TheFinancialLandscape

The Financial Landscape: Is Italy the Next Greece?

As the eurozone sovereign debt crisis continues, focus is shifting to Italy as the next potential victim. But for worries closer to home, consider this: $37 billion in U.S. government benefits designed to help people through the downturn will expire by the end of 2011, leaving a hole twice that size in the economy.

GS Deal Exposed; BofA Deal Nixed

Two surprises in the finance biz: A small group of bond investors has thrown a wrench into Bank of America's massive mortgage securities settlement, while the Fed revealed a secret $15 billion loan it made to Goldman Sachs in 2008. But in retail, there are no bad surprises on same-store sales so far.

Financial Landscape: DSK Case and Portugal Get Shakier

Portugal's economic health is at risk of collapse after Moody's cut its rating of the country's debt to junk status. Also at risk of collapse: The case against former IMF head Dominique Strauss-Kahn after The New York Post reported that his accuser was working two jobs -- as a maid and a prostitute.

The Financial Landscape: An Economic Spilt Personality

Is the American recovery fast or slow? Depends on who you ask. The Wall Street Journal sees corporate America merrily rolling along while Main Street suffers. The New York Times warns that Wall Street is about to feel the pinch too. But nobody is all that optimistic about Greece today.

The Financial Landscape: Geithner Gossip Groundless

Citing unnamed sources, news outlets reported Thursday evening that Treasury Secretary Timothy Geithner might leave the Obama administration soon. In response to the rumors, Geithner insisted, "I live for this work.... I'm going to be doing it for the foreseeable future."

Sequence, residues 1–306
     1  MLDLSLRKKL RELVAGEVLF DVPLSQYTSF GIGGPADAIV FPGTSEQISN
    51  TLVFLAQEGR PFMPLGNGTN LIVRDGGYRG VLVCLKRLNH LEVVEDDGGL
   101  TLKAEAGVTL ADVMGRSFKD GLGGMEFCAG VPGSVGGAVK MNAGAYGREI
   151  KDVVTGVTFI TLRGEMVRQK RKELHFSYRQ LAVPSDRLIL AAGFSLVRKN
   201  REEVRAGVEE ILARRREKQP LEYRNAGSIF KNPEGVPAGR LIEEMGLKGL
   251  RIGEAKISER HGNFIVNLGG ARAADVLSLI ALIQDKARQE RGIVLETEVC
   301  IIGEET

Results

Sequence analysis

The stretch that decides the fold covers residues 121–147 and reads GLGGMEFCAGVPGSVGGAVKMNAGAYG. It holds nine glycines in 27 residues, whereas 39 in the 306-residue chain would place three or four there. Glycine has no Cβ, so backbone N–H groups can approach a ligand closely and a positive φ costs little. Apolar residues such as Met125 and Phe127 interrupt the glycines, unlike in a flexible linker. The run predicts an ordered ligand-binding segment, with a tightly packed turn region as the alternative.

Financial Landscape: Dreary Polls and Tax Loopholes

Nearly 90% of Americans still see owning a home as a key part of the American Dream, but 39% see us in a permanent economic downturn. Meanwhile, Obama has set his sights on closing tax loopholes for businesses and the rich, but the Fed just cut banks a break in new rules on debit card swipe fees.

The Financial Landscape: Dollar Losing Favor, Economy Losing Steam

The long term isn't looking good for the greenback: Central bank managers don't see it keeping its status as the world's reserve currency. The short term's not looking so hot for the U.S. economy either: Housing prices are down another 4% year over year, and confidence is falling.

The Financial Landscape: Gas Is Falling; Euro is Failing

Even before the International Energy Agency and the White House announced they were releasing billions of gallons or oil from fuel reserves, gas prices were falling. In the past two weeks, a gallon is down more than 11 cents. Also falling -- hopes for the euro, and the outlook for U.S. Treasury bonds.

The Financial Landscape: Big Pharma Wins; So Does Greece

It's a good day to be a drugmaker after two pro-business Supreme Court rulings favored the industry. And it's an even better day for those who are counting on the EU bailing out Greece. But the folks at Google may want to search for "defense lawyers" -- they may be seeing subpoenas shortly.

The Financial Landscape: SEC Fines JPM Over CDOs

The news across the financial world is good for unions, which will find organizing a bit easier; adequate for Greece, which will find getting bailed out a bit easier, and bitter for JPMorgan which had to accept a $153.6 million SEC fine for misleading investors about a mortgage securities transaction.

The Financial Landscape: No Bailout Yet for Greece

The financial world Monday morning is focused on Greece. E.U. finance ministers postponed agreement on a bailout until they see proof that its government will follow through on austerity measures. Meanwhile, some big U.S. firms say that a generous tax break would help them expand their domestic operations.